be good to hear from you guys

    Keep your Head Up!
  16. rio_stokes

    rio_stokes Registered User

    Mar 21, 2008
    hi i know exactly how you feel i'm only 23 and my mum was diagnosed when she was just 57. i recently got engaged which has drawn attention to the fact my mum will probably not see my wedding day and will certainly never know my children. i find the whole situation completely heartbreaking as my mum is also aware of what she is going to miss out on although i'm not sure how much longer this will last.

    just remember you're not alone and there are always people out there who are willing and able to help you x
  17. karen1

    karen1 Registered User

    Sep 17, 2009

    I'm Karen and i'm 31, I thought I was too young to be going through this and it shouldn't be happening. If you need to talk, i'm there.

  18. Lauren

    Lauren Registered User

    Oct 13, 2006
    Hi Ecogeek!

    Im 21 and my mum was diagnosed with early onset dementia 3-4 years ago and she is now 60! I have been at uni doing midwifery for 2 years!
    For the past few years i have been able to accept it and help out even though its hard as i have moved away for bit while at uni! We would laugh with her and she would have her good days and bad days and we learnt how to deal with each and every day!
    I see my friends and their mums and im so jealous! the bonds that im missing out on! Im too young to be missing my mum like this! I want her back so much! Its like im grieving already!

    It must be hard to know that your getting married and your mum is not well but i do think that is all our worries when it happens to us so young! as its your mum that you want there most!

    When you say she may not see you 25th this may suprise you that it could be very much longer that that! My mum has had it for nearly 4 years and she still knows who i am, can have a laugh with us and spend alot of time with the family! obviously she has alot of bad days but you have to see behond that and see all the good things! She will just need alot more help with certain things!
    When my mum was diagnosed i wanted to know the life spam and things but now i know how she is and what to expect this is the least of your worries and you just have to enjoy her now and for as long as she is here! Which we can never put a time on! I really do hope she makes it to your wedding! maybe you should have it sooner rather than later!

    Keep in touch Take care
    Love Laurenx
  19. EcoGeek

    EcoGeek Registered User

    Mar 2, 2009
    Ooops, i should update more...

    Hi all,

    Sorry I sort of spaced out of TP for months, but I'm very impressed that this thread kept goin without my contribution!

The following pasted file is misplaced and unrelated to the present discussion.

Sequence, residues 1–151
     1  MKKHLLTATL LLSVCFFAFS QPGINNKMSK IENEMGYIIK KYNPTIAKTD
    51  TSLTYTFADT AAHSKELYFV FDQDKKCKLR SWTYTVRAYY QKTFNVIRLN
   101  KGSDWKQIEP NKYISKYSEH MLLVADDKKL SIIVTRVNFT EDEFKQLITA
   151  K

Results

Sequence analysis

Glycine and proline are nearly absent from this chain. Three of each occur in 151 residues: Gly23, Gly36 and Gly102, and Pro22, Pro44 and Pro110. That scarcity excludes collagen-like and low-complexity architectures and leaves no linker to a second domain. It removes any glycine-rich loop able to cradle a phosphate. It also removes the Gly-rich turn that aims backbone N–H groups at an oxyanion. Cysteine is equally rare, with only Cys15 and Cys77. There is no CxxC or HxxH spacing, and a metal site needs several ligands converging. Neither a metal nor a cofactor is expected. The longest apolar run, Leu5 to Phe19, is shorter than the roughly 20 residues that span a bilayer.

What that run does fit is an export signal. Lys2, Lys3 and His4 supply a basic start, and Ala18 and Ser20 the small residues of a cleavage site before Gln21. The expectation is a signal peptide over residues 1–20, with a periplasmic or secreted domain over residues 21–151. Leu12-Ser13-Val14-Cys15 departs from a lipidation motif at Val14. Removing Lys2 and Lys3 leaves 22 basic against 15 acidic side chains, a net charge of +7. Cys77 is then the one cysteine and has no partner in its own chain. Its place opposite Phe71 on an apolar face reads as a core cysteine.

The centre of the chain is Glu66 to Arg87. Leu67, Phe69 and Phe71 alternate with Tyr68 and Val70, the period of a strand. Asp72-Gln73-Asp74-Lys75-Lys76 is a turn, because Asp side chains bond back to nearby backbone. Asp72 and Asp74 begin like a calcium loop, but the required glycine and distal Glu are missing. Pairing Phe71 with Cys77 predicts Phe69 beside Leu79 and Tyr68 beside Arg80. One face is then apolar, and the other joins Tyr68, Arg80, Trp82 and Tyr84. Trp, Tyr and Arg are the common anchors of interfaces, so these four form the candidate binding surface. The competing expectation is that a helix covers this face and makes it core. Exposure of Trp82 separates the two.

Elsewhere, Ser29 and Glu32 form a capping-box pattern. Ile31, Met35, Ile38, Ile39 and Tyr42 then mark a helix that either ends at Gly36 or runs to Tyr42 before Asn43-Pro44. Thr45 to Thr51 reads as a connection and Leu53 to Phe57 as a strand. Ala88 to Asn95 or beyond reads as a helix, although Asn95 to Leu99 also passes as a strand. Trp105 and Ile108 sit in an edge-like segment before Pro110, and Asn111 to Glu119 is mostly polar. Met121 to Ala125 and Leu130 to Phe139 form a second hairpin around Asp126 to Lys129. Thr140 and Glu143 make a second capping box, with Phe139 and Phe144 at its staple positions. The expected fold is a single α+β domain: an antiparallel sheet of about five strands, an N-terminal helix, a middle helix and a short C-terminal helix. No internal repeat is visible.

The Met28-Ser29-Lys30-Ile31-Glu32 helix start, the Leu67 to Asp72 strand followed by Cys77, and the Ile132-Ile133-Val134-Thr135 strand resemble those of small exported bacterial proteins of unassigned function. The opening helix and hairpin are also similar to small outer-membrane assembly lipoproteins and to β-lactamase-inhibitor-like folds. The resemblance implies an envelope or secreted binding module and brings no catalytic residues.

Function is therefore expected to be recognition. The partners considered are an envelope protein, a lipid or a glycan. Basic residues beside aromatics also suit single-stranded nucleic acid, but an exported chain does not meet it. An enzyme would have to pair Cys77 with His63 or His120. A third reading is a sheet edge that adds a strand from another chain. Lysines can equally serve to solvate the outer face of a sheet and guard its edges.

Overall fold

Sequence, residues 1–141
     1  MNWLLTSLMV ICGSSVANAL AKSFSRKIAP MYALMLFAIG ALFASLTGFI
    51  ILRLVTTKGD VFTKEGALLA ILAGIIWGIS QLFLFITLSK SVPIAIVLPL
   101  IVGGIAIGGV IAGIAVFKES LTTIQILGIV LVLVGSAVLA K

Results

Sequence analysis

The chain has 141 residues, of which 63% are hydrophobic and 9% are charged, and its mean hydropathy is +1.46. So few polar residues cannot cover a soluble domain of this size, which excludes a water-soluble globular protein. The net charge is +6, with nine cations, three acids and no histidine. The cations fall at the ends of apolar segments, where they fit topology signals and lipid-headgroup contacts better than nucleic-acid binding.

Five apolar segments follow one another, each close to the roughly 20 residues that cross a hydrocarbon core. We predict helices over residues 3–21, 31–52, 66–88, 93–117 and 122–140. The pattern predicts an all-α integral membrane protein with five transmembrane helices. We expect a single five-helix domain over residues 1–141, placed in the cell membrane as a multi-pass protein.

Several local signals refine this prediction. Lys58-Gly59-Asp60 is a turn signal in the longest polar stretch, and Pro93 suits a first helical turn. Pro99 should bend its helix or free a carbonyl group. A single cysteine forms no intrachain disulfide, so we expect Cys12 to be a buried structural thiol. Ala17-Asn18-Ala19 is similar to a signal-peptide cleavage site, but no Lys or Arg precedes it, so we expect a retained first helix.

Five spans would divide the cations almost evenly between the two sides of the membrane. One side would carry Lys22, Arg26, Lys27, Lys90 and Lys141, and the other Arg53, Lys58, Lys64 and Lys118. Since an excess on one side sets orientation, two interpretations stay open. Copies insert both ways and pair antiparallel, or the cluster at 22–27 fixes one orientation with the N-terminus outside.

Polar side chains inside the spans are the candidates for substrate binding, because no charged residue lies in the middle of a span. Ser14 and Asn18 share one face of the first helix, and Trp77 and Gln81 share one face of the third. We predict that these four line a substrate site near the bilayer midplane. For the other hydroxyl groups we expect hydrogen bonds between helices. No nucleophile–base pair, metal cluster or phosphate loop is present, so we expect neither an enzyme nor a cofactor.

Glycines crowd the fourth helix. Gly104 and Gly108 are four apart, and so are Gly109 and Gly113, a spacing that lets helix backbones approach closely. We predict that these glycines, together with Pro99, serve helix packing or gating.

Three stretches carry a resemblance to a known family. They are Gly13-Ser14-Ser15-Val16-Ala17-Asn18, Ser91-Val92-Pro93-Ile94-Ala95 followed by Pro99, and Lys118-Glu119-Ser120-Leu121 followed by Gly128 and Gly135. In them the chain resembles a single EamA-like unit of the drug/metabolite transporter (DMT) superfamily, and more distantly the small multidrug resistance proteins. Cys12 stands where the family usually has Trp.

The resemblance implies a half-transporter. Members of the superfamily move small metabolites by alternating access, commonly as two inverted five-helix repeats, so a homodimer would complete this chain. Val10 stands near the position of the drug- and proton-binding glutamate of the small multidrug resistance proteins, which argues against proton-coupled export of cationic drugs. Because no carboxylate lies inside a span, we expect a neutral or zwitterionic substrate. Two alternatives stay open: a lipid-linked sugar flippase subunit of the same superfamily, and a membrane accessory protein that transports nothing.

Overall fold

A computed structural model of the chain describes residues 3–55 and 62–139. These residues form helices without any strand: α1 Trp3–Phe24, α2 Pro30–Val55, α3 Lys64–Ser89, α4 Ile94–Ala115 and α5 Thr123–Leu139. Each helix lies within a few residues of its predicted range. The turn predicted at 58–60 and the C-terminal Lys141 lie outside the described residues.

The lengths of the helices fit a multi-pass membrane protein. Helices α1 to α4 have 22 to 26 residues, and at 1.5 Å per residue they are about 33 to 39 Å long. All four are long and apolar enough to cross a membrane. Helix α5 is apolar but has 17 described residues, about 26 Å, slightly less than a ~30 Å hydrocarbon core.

It is great (and also kinda awful!) to know I'm not the only young person going through this.

    And side note to Lauren here: lol, when I talked about my mum missing my wedding it was a hypothetical future wedding, I don't even have a boyfriend currently!

    Hi Cezar, 1. never apologise for rambling, its what this place is for, we all need to vent. And 2. I couldn't agree with you more about the hobbies, I have just gotten back into swimming and I managed to go quite regularly when I was at home being the sole carer for my mum and it was amazingly good stress relief.

    I hope none of the people who have posted have felt like I'm ignoring them but I'll sign off here as I'm getting dizzy (although that could be my flu!)

    stay strong in the struggle, Eco
  20. rimmel11

    rimmel11 Registered User

    Nov 3, 2009
    Young carer who excited to think not the only one!

    hey all......
    my mum is 53 and there is an impending diagnosis of FTD (we've been trying to get a diagnosis for nearly 3years) I have just helped her divorce my dad which was completed a few months ago so its just me, aged 23, with two brothers who are as useful as a chocolate teapot!....Its good to know we're are not alone, feels like the wieght of the world on your shoulders sometimes but ours mates just dont get it, or cant and its hard not to, but you do get jealous and we should have our whole lives ahead us but you just cant think about that because you have a huge responsibility......
    Im glad im not alone, I was told it was pretty rare for people our age to be in this situation and in a way it can be harder because you just begin to realise how amazing your mum or dad is and then you have to watch them dissappear...
    im pretty keen to meet up with, or at least be an internet buddy with someone in the same situation, so get in touch if you need to vent, its needed!!
    speak soon